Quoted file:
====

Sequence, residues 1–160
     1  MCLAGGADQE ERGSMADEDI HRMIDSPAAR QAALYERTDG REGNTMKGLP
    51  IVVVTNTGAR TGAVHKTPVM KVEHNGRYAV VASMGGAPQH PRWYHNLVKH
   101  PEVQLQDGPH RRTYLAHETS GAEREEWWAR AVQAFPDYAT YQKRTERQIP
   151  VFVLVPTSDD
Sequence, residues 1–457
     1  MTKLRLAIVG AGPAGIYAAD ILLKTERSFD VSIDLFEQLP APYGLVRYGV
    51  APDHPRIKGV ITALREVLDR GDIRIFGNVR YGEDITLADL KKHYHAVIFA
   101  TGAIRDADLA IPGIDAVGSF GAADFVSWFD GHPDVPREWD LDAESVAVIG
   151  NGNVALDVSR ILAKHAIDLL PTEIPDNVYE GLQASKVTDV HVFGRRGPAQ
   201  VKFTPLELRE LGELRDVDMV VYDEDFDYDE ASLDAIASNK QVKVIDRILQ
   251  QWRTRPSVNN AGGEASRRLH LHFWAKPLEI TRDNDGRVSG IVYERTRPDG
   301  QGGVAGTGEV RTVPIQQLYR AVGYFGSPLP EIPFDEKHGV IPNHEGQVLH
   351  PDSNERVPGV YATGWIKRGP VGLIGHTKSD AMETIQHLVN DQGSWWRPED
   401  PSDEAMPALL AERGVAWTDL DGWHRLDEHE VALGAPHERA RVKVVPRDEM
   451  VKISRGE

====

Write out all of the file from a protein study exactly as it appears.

Sequence, residues 1–160
     1  MCLAGGADQE ERGSMADEDI HRMIDSPAAR QAALYERTDG REGNTMKGLP
    51  IVVVTNTGAR TGAVHKTPVM KVEHNGRYAV VASMGGAPQH PRWYHNLVKH
   101  PEVQLQDGPH RRTYLAHETS GAEREEWWAR AVQAFPDYAT YQKRTERQIP
   151  VFVLVPTSDD
Sequence, residues 1–457
     1  MTKLRLAIVG AGPAGIYAAD ILLKTERSFD VSIDLFEQLP APYGLVRYGV
    51  APDHPRIKGV ITALREVLDR GDIRIFGNVR YGEDITLADL KKHYHAVIFA
   101  TGAIRDADLA IPGIDAVGSF GAADFVSWFD GHPDVPREWD LDAESVAVIG
   151  NGNVALDVSR ILAKHAIDLL PTEIPDNVYE GLQASKVTDV HVFGRRGPAQ
   201  VKFTPLELRE LGELRDVDMV VYDEDFDYDE ASLDAIASNK QVKVIDRILQ
   251  QWRTRPSVNN AGGEASRRLH LHFWAKPLEI TRDNDGRVSG IVYERTRPDG
   301  QGGVAGTGEV RTVPIQQLYR AVGYFGSPLP EIPFDEKHGV IPNHEGQVLH
   351  PDSNERVPGV YATGWIKRGP VGLIGHTKSD AMETIQHLVN DQGSWWRPED
   401  PSDEAMPALL AERGVAWTDL DGWHRLDEHE VALGAPHERA RVKVVPRDEM
   451  VKISRGE